Cybersecurity leaders set to appear at GISEC Global 2024 discuss operations and challenges as data breaches surpass 30 billion records in 2024

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As the international cybersecurity community gears up for GISEC – the Middle East’s largest and most impactful cybersecurity super-connector that will take place from 23 to 25 April at Dubai World Trade Centre – experts are weighing in on the dramatic evolution of data breaches, and how companies and governments can join forces to strengthen global cyber-resilience.

In the Middle East specifically, oil and gas operations, government entities, and financial institutions have been most affected and continue to emerge as key targets for data breaches. Globally, over 30 billion known records have been breached so far in 2024 – accounting for more than 5,000 publicly disclosed incidents – according to the UK-based market consultancy, IT Governance.

With each breach, comes a cost, and these continue to rise year-on-year as new attack methods, new vulnerabilities, and new risks appear. IBM’s ‘Cost of a Data Breach Report 2023’ reflects an upward trend in data breach costs, with the average breach in 2023 accounting for US$4.45 million – a 2.3 per cent increase from 2022.


Businesses are largely ill-equipped and underprepared

The increase in record breaches around the world, and the associated costs, reflect a gap between rapidly evolving malicious malware and companies’ readiness to avert emerging incidents. GISEC Global experts will address the impact of this gap at GISEC’s Mainstage,  bringing their unique insights and expertise to the table.

With a storied career spanning over 15 years in IT and Information Security in financial sectors, Saiful Islam, Chief Information Security Officer at Dhaka Bank in Bangladesh, identifies a glaring inadequacy on the private sector’s part.

“Despite heightened awareness and investment in cybersecurity measures, this surge [in breaches] indicates systemic and persistent vulnerabilities,” said Islam, who will be speaking on GISEC Global’s Mainstage on 25th of April as one of the 750 exhibiting brands from around 100 countries.

“It underscores the urgent need for organisations to reassess their cybersecurity strategies, fortify defences, and prioritise proactive measures such as robust assessments, employee training, continuous improvement, and clear incident response plans. Failure to address these deficiencies could result in severe consequences, including financial loss, reputational damage, and regulatory repercussions,” he warned.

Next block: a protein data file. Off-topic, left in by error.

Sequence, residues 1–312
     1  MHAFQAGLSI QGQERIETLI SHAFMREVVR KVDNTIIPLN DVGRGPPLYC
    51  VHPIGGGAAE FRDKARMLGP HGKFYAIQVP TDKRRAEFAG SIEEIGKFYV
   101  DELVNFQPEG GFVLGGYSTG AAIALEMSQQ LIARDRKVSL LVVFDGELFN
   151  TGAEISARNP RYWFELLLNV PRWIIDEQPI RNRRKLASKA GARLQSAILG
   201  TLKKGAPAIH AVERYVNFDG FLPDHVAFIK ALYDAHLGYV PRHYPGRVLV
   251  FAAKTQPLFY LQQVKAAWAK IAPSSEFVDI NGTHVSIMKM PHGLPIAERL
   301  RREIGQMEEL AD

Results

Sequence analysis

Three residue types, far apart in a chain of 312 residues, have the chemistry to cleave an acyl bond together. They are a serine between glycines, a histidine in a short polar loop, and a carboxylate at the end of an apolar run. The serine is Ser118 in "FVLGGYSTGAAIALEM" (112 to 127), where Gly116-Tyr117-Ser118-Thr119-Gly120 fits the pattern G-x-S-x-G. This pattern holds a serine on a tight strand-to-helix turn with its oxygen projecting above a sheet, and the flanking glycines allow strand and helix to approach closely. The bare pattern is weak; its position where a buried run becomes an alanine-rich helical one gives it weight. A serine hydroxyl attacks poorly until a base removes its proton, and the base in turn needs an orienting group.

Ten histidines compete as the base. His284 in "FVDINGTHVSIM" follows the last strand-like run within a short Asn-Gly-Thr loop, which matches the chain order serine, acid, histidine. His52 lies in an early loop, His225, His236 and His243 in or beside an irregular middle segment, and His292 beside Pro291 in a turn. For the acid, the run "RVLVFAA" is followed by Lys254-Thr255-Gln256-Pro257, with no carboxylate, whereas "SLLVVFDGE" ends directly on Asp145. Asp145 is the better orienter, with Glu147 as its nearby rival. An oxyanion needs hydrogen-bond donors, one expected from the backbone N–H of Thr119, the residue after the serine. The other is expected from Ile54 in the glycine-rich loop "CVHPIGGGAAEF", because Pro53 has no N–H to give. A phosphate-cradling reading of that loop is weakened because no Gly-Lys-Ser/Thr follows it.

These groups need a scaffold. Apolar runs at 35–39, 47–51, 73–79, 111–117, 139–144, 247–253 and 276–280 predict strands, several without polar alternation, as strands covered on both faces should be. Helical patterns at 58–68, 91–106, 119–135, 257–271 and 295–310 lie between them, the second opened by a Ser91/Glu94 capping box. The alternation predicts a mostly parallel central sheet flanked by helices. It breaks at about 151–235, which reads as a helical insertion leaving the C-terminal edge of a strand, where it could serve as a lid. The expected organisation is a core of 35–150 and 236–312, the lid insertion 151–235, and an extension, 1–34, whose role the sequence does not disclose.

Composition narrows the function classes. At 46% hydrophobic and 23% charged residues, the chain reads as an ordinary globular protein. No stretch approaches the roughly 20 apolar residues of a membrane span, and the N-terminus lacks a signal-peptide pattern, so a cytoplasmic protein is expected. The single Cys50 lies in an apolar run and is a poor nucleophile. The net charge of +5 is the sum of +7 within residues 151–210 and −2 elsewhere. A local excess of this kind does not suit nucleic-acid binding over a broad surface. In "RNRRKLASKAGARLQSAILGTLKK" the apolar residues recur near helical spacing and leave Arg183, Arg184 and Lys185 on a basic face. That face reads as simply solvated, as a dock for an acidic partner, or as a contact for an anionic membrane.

Charles Brooks, President of Brooks Consulting International and Adjunct Professor at Georgetown University in Washington, D.C., will be speaking on the Mainstage on the 23rd of April as one of the 750 exhibiting brands from around 100 countries who are participating at GISEC Global, echoed similar concerns: “Every year, cyberattacks cost businesses more money and occur in greater numbers. Despite the increasing frequency, sophistication, lethality, and liabilities linked to intrusions, industrial management has mostly lacked the necessary preparation and has moved slowly to strengthen cybersecurity.”

“The underlying line is that corporate cybersecurity and the C-Suite need to shift from a passive to a prepared posture,” he added.

According to both experts, government and enterprise efforts in cybersecurity have largely focused on responding to the most recent breach or threat, meaning that defenders were usually always one step behind attackers.

“We’ve seen organisations increasingly choose to pay off ransomware attacks as they struggle to keep up with new threats and advances in AI-assisted intrusions,” said Oren Maguid, Regional VP for MEA, APAC, and ANZ at Votiro, a Zero Trust Content Security Company as one of the 750 exhibiting brands from around 100 countries who are participating at GISEC Global 2024 taking place at Dubai World Trade Centre.

“Without proper threat prevention in place, these attacks will only become more common and demand more time and money from already-strained enterprises. Organisations waiting for their endpoint to be breached and mitigating the damage after are using a reactive approach that leaves IT teams scrambling to keep up as attacks become faster and more sophisticated,” he concluded.


Intense coordination between governments and enterprises is essential

The recent news around the existence of a ‘Mother of All Breaches’ (MOAB) file – which allegedly contains 1.2 terabytes and over 3,800 files of data, including personal information and credentials from over 26 billion records – was especially alarming to the international cybersecurity community.